1918 19th Century On the Land Electricity Iron Sands to Steel Think Big
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The Path to Think Big

A Plea for Forestry Research
A Belief in Technology
Think Big Intro
A Path to Think Big I
A Path to Think Big II
A Path to Think Big III
The Ammonia/Urea Plant
A Path to Think Big IV
The Big Decisions

The Path to Think Big  

(II)) Alcohol & CNG

Alcohol as an Energy Source

In 1918 James Scott Maclaurin who was the Dominion analyst wrote in the New Zealand Journal of Science and Technology "There is undoubtedly a great future for alcohol as a source of power and heat”,

Like other technologists of his time Maclaurin looked for inspiration to Germany.  There he pointed out, some 89 million gallons of alcohol had been produced in 1914 from materials such  as potatoes, cereals and beets.  He doubted however whether at that time it could be competitive with petrol in New Zealand.

Using indigenous fuels for transport was also a concern for W Donavon Mclaurin’s successor as Director of the Dominion Laboratory.  Other countries with no indigenous petroleum were producing ethanol from vegetable sources and requiring its addition to motor spirit.  In Germany and Poland a 6% addition was compulsory and in Australia "Shellpol" with 15% alcohol was being marketed.  Donavon noted that in New Zealand the situation had not changed since Maclaurin’s paper and that alcohol production was not economic. He prophesised: "- provided it becomes possible at any time to ferment milk-sugar mainly to ethyl alcohol, alcohol could be produced on a large scale from whey”.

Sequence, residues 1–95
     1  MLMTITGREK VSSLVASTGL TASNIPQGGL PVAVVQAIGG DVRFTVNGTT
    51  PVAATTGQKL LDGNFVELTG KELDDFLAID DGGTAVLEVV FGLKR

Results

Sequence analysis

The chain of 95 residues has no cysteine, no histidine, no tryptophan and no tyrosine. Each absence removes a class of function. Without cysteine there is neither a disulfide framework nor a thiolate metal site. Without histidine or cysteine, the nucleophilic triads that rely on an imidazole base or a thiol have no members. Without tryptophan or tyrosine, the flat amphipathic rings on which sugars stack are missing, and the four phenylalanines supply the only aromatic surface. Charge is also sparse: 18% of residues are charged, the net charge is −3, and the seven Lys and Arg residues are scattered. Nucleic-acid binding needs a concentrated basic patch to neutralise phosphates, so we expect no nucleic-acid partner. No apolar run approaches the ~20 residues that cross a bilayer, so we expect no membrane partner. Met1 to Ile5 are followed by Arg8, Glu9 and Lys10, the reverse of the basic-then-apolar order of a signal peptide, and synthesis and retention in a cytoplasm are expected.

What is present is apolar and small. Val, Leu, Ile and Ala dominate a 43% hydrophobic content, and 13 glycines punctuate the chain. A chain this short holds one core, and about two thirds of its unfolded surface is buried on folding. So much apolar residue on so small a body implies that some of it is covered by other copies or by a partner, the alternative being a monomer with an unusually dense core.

Fulfillment of this prophecy came in 1980 when the N.Z. Dairy Co-operatives factory at Reporoa began replacing industrial alcohol imported from Australia with ethanol manufactured by the fermentation of the lactose in whey. Ethanol made from whey now provides all New Zealand’s industrial alcohol requirements as well as potable alcohol for use in spirits.

 Methanol like ethanol is an organic alcohol. As we shall see, it played an important part in the search for transport fuels self-sufficiency when the country reacted to a relentless rise in the price of oil over the decade of the 1970s. Over two and one half million tonnes of this simple chemical, the most elemental of the organic alcohols, has been manufactured in New Zealand from the mid 1980s. On a per capita basis, New Zealand is one of the world’s largest methanol producers.


Compressed Natural Gas (CNG)

Donavon also described an experiment carried out in Birmingham in which compressed town gas substituted for  petrol.  While town gas was a satisfactory fuel, he thought methane with its higher calorific value would be preferable. This was another idea that would become a reality in the 1980s.

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MacLaurin, .S. 1918: Industrial alcohol in New Zealand. New Zealand Journal of Science and Technology 1: 180-181.

Donovan, W. 1934: Production of motor fuels and lubricants in New Zealand. New Zealand Journal of Science and Technology 15: 180 – 181.

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